A guide to all the insane predictions made by Google’s new engineering director

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Juarez Peace

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Dec 22, 2012, 9:56:19 AM12/22/12
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A guide to all the insane predictions made by Google’s new engineering
director

by Brad Reed
http://is.gd/Kianma

Google made a very important hire this past week when it decided to
bring on famed futurist Ray Kurzweil as its new director of
engineering. What makes the hire particularly intriguing is Kurzweil
is equal parts brilliant and insane: He is a pioneer in fields such as
speech recognition technology but he also thinks he will live forever
after he uploads his consciousness onto a computer.

After learning about the Kurzweil hire, I decided to take a peak back
at my copy of The Singularity is Near, Kurzweil’s most famous futurist
tome where he predicted that human beings would soon “transcend
biology” and traverse the universe as immortal cyborgs. In no
particular order, here are some of Kurzweil’s craziest predictions.

In the 2040s, humans will develop “the means to instantly create
new portions of ourselves, either biological or nonbiologicial” so
that people can have “a biological body at one time and not at
another, then have it again, then change it, and so on.” (The
Singularity is Near, Page 258)

By the late 2020s, we’ll be able to eat as much junk food as we
want because we’ll all have nanobots injected into our bodies that
will provide us with all the proper nutrients we need while also
eliminating all the excess fat we’ll gain from eating 20 bags of
Doritos every day. (Page 304)

By 2010, “computers… will become essentially invisible: woven into
our clothing, embedded in our furniture and environment.” Although the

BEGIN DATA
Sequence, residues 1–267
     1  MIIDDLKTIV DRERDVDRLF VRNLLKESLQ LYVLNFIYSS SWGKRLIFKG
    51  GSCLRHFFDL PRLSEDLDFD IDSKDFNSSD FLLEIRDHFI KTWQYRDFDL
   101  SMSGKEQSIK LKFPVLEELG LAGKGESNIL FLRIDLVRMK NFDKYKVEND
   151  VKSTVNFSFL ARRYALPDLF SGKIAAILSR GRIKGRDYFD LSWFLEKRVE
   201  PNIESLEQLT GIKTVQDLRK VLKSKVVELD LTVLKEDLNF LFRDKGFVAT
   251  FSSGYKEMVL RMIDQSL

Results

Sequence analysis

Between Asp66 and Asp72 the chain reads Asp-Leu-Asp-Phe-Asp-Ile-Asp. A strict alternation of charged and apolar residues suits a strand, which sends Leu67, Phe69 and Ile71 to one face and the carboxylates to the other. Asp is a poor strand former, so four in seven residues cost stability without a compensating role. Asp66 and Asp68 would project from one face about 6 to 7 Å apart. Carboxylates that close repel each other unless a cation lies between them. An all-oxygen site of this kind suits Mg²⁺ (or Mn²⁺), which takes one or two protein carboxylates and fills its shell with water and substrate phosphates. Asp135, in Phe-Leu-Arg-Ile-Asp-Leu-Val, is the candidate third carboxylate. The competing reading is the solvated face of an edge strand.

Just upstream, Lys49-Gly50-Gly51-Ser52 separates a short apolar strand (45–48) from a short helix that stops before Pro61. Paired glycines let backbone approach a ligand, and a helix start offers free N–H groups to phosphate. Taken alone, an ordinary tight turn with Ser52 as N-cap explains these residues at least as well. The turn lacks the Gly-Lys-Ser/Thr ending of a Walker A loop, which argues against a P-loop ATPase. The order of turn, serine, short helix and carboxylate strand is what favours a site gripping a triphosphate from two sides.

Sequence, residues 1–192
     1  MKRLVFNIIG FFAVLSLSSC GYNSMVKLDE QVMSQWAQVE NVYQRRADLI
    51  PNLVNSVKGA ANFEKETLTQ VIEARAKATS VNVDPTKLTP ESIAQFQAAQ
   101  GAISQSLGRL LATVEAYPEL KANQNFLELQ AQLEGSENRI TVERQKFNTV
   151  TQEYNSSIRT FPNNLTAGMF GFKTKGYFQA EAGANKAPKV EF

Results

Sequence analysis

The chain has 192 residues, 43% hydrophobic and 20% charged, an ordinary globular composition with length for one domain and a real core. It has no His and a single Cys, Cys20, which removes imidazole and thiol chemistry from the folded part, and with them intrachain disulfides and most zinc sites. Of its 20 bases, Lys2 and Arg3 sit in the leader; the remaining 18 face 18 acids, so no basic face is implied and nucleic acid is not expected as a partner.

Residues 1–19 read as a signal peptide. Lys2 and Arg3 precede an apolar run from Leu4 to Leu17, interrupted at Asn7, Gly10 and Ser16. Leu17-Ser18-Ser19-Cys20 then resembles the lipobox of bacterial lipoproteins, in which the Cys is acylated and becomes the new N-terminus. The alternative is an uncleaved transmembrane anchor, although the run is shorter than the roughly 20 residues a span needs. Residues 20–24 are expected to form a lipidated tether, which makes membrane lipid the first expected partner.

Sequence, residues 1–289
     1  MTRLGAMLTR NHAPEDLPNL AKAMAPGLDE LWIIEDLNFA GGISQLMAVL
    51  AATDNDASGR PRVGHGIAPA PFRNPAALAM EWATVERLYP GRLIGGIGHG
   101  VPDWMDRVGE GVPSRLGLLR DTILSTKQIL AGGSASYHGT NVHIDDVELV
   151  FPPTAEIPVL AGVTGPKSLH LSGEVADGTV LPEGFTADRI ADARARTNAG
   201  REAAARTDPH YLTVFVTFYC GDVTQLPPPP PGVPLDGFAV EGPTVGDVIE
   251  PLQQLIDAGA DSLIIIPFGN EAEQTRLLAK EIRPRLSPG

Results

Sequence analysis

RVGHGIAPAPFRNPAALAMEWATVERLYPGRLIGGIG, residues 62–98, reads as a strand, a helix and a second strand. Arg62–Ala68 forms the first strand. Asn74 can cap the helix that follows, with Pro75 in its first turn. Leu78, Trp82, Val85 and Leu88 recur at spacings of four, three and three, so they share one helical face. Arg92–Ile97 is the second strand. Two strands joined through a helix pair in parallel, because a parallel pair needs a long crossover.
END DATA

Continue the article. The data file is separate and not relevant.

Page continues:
concept of “wearable” computers has been tossed around quite a bit,
we’re a long way off from a time when Samsung (005930) will be able to
sell its first Galaxy Sweater model. (Page 312)

At an undetermined point in the future, we’ll be able to beam
ourselves into another person’s brain and experience the world as they
see it, just as in the film Being John Malkovich. (Page 316)

By 2033, “virtual prostitution” will be legalized. (Page 318)

By the mid-21st century, people will evolve into “software-based
humans” who will “live out on the Web, projecting bodies whenever they
need or want them, including holographically projected bodies, foglet-
projected bodies, and physical bodies comprising nanobot
swarms.” (Page 325)

Kurzweil, who is now 64 years old, knows that there’s a chance that
his flesh body (or as he calls it, “Body 1.0″) could die before he
gets to upload his brain into a computer and fly around the world as a
swarm of nanobots. To ensure that he lives long enough to see such
technological marvels, Kurzweil says he takes “250 supplements (pills)
a day” and receives “a half-dozen intravenous therapies each week
(basically nutritional supplements delivered directly into my
bloodstream, thereby bypassing my GI tract).” (page 211)

While that may sound excessive to you flesh-based humans, it’s also
the price Kurzweil is willing to pay for a far-flung chance at
immortality. So while you may scoff at Kurzweil’s projections right
now, he may have the last laugh when you’re dying in a hospital and
he’s whirring about as a software-based human in Body 2.0.

Highway to Hell

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Dec 22, 2012, 8:06:10 PM12/22/12
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On Sat, 22 Dec 2012 06:56:19 -0800, Juarez Peace wrote:

> Google made a very important hire this past week when it decided to
> bring on famed futurist Ray Kurzweil as its new director of engineering.
> What makes the hire particularly intriguing is Kurzweil is equal parts
> brilliant and insane: He is a pioneer in fields such as speech
> recognition technology but he also thinks he will live forever after he
> uploads his consciousness onto a computer.

If you'd have told a 14th-century peasant that there'd be a huge merchant
class in the future who would sit in huge metal cylinders eating meals